NORTH ADAMS -- North Adams Housing Authority is moving toward a policy to ban smoking by May in housing it provides for low-income individuals and families.
Low-income tenants would be required to smoke in designated areas, which could include an outdoor gazebo.
Tenants will be asked to sign a contract addendum in the coming months that would prohibit smoking, Executive Director Jennifer Hohn said. The policy is still being written.
"We're drafting up a policy to deal with non-compliance issues," said Hohn.
He said the adverse health impact was the primary force driving the policy change. The Housing Authority provides housing at 306 units at four sites.
"It's better for the units not to endure years and years of smoke," Hohn said. "It is for child safety and safety for the staff."
Smoking bans have been widely implemented across New England but relegated largely to public areas.
North Adams Housing Authority isn't the only agency considering a smoking ban. Pittsfield Housing Authority, which manages 765 state and federal housing units, is examining a policy that would ban smoking in units, said Sharon LeBarnes, the authority's director of administration and finance.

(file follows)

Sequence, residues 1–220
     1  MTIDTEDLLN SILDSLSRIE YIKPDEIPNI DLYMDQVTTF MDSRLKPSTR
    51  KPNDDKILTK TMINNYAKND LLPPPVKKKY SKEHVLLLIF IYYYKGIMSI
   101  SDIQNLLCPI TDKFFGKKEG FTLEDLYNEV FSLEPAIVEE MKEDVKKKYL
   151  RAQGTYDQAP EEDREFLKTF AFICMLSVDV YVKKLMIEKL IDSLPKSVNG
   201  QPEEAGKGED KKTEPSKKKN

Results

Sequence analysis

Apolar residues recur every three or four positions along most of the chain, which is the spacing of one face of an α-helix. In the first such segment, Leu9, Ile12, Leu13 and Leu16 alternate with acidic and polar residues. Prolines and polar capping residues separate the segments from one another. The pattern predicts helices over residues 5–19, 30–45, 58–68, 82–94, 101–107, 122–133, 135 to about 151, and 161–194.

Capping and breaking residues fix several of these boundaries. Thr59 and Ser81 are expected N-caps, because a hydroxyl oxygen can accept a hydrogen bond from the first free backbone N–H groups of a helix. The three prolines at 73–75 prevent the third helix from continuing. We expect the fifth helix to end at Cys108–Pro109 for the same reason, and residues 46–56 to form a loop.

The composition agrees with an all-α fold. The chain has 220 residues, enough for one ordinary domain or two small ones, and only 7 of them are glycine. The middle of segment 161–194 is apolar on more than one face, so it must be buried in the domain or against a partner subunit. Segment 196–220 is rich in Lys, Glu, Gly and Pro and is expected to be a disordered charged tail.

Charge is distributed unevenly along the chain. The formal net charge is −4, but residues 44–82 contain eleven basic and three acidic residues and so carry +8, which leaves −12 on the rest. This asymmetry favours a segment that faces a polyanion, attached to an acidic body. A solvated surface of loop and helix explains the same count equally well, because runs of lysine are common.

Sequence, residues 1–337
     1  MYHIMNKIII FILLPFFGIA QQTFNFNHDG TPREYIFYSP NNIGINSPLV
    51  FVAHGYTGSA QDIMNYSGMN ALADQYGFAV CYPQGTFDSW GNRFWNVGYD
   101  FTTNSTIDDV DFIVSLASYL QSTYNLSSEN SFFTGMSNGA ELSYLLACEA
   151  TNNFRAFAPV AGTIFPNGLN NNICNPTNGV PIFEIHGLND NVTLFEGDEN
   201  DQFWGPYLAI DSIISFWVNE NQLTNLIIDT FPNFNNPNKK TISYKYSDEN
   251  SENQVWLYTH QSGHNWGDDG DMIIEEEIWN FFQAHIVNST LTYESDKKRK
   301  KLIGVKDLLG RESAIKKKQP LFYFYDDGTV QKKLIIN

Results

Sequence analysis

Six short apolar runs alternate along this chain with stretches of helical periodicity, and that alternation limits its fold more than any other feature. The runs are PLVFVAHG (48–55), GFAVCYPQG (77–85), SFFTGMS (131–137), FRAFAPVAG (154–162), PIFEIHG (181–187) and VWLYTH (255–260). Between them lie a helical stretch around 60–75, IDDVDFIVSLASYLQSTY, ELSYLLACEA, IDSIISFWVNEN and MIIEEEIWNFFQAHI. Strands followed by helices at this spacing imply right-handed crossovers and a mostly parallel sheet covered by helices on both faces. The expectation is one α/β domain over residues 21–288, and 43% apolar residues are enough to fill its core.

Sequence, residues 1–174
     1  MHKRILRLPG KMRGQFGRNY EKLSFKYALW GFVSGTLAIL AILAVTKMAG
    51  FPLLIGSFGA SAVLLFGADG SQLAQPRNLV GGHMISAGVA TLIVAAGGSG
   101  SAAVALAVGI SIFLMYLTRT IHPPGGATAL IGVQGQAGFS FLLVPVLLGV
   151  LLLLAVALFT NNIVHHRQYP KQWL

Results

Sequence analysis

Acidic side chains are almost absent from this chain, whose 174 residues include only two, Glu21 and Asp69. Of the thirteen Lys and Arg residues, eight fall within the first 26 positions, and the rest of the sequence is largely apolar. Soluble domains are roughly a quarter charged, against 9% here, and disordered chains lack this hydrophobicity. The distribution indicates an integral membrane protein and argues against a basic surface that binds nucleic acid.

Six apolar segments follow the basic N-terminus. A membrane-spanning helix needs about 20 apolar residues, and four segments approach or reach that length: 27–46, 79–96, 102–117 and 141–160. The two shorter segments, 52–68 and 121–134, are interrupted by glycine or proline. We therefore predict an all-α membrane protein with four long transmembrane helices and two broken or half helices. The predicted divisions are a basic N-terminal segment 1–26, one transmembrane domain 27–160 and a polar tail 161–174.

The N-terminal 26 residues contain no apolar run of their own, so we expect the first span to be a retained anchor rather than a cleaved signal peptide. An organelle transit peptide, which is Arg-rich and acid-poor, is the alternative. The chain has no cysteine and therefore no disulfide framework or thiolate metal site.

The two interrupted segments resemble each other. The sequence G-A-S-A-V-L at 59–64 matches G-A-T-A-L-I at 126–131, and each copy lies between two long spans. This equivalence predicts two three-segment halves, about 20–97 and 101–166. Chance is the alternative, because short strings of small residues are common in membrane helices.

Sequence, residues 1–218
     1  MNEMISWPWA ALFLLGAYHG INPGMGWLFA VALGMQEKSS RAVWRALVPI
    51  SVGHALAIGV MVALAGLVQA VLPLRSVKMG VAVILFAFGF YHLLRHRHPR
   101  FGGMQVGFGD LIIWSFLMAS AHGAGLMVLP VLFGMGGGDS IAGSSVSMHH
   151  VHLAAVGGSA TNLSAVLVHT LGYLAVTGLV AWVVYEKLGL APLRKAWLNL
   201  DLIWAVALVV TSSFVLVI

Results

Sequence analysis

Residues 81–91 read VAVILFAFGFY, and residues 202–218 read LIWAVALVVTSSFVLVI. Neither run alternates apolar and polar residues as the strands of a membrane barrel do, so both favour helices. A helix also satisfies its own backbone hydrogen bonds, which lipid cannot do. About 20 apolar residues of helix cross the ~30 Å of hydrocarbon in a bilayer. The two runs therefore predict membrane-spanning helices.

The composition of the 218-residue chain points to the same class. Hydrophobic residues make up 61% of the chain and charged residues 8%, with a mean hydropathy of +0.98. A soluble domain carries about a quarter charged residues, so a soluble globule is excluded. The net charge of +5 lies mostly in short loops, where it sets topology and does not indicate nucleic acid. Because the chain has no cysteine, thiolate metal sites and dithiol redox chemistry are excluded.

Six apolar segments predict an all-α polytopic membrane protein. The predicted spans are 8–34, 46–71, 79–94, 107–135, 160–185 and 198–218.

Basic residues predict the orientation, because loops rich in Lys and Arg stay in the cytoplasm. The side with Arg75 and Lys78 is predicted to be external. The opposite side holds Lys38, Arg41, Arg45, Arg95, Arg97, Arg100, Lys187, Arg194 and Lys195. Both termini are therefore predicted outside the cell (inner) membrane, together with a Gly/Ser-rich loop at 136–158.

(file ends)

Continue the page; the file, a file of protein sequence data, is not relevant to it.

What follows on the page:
Hohn said that the U.S. Department of Housing and Urban Development has urged local agencies to adopt smoke-free policies. There are no penalties for agencies that fail to implement a policy yet, but Hohn said that the agencies are more competitive for federal funding with a smoking ban implemented.
"HUD is strongly encouraging a smoke-free [environment] in the units," Hohn said. "It will benefit the health and safety of [the tenants] but also [keep children from] breathing in the smoke every day."
Earlier this year Hohn said that a survey was administered to test the waters with tenants. There were 164 responses, and 120 said they would be receptive to a policy change.
Forty-four households responded that the smoke-free policy would be a significant challenge. Tenants have notified her that they could be moving out, but Hohn said through December there haven't been any tenants that have relocated because of the smoking ban.
Hohn said that HUD advises for 98 percent of units be occupied, but she said that she was not concerned about the associated risk. She also said that a year's notice is ample time for tenants to relocate.
"There's a lot of need out there due to the economy," Hohn said.
Besides the health benefits for tenants, neighboring tenants, and staffers, Hohn said that the policy change would expedite apartment repairs when tenants move out.
Three public forums have been hosted so far this year. Hohn said that another will be hosted closer to the implementation date.
There has been a gazebo constructed near a high-rise building on Ashland, and another will be created near a building on Spring Street.